Straight men who have sex with men do so for a number of reasons, but in general such activity is about physical release and sexual behaviors, not about attraction or desire for another man.
Transgender people--more specifically, people who were born male but present themselves as female--are Brazil's single most marginalized group.
Although best known for her crusade for women's suffrage, Susan B. Anthony spoke out on a range of feminist issues.
Cross-dressers have often been misunderstood and maligned, especially in societies with rigid gender roles.
The homosexuality of Frederick the Great of Prussia was an open secret during his reign, yet some historians have attempted to deny it or to diminish its significance.
Butch-femme identities are controversial and difficult to define with precision, but both roles subvert prescribed gender and sexual expectations; ultimately, the butch-femme dynamic is a unique way of living and loving.
Compulsory heterosexuality is the assumption that women and men are innately attracted to each other emotionally and sexually and that heterosexuality is universal, a view that leads to an institutional inequality of power that privileges heterosexual males and denigrates women, especially lesbians.
The lesbian "sex wars" of the 1980s, centered on issues of pornography and s/m, constituted one of the most significant debates among second-wave feminists in North America and Europe.
Nelson Mandela. Photograph by South Africa The Good News (CC BY 2.0).
On December 10, 2013, President Obama spoke at the memorial service for his great South African hero Nelson Mandela. Lauding Mandela as a "giant of history" who emerged as the "last great liberator of the twentieth century," Obama compared Mandela to Mohandas Gandhi and Martin Luther King, Jr. and presented him as both a man of action and a man of ideas. The President also used the occasion as a teachable moment, reminding the world-wide audience that "we still see children suffering from hunger, and disease; run-down schools, and few prospects for the future. Around the world today, men and women are still imprisoned for their political beliefs; and are still persecuted for what they look like, or how they worship, or who they love."
The speech was, as Scott Wilson of the Washington Post described it, "a celebration and a scolding."
The most moving part of the speech was when Obama celebrated Mandela's understanding of the ties that bind the human spirit. "There is a word in South Africa--Ubuntu--a word that captures Mandela's greatest gift: his recognition that we are all bound together in ways that are invisible to the eye; that there is a oneness to humanity; that we achieve ourselves by sharing ourselves with others, and caring for those around us."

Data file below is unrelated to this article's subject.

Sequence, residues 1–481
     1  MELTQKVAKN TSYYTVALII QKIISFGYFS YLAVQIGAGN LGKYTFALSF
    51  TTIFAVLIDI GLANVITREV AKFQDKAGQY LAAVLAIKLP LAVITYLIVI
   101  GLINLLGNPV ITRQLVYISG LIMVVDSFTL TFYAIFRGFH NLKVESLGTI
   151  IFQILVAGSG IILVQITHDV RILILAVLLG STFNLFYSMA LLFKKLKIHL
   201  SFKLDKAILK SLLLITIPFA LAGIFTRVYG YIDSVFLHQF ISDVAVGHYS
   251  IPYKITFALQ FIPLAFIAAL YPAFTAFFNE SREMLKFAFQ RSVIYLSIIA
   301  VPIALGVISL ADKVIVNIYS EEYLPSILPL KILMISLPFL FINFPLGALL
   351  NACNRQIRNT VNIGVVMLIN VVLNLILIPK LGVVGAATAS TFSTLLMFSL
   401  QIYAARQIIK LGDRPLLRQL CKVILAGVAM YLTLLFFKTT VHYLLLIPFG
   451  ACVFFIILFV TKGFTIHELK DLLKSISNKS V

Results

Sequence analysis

The scolding came when the President observed that "There are too many people who happily embrace Madiba's legacy of racial reconciliation, but passionately resist even modest reforms that would challenge chronic poverty and growing inequality. There are too many leaders who claim solidarity with Madiba's struggle for freedom, but do not tolerate dissent from their own people. And there are too many of us on the sidelines, comfortable in complacency or cynicism when our voices must be heard."
One cannot read this scolding without thinking of how, despite the examples of President Mandela and Archbishop Desmond Tutu, who have been great voices for tolerance and acceptance, Africa has become one of the most intolerant places in the world for glbtq people.
Hence, it is important to remember the contributions to gay rights made by President Mandela and other South African heroes.
As Tina Gianoulis observes in her glbtq.com entry on South Africa, the new South Africa that emerged under the leadership of Mandela owed much to the work of strong gay activists--including Tseko Simon Nkoli (1957-1998)--among the anti-apartheid freedom fighters. "This new Republic of South Africa, comprising nearly 50 million citizens, became the first nation in the world to be founded on a constitution that includes sexual orientation as a protected freedom."
Mandela was President of the African National Congress when it added a gay rights plank to its platform in 1993. Moreover, as Gianoulis notes, in his victory speech after his election as President of South Africa in 1994, Mandela "denounced prejudice and discrimination against gay men and lesbians."
Soon after becoming President, he appointed Edwin Cameron, an openly gay judge, to South Africa's High Court of Appeal.
In 2005, South Africa's Constitutional Court found that the denial of the rights of marriage to same-sex couples violated the country's constitution, which prohibits discrimination on the basis of sexual orientation. The Court did not specify a remedy, but gave Parliament until December 2006 to adopt legislation rectifying the injustice.
Despite opposition from church groups and traditional leaders, the Parliament adopted legislation that both created civil unions and legalized same-sex marriage. On December 1, 2006, South Africa became the fifth nation to legalize same-sex marriage.
A transcript of the President's speech may be found here.
Below is a video of President Obama's remarkable speech eulogizing Nelson Mandela.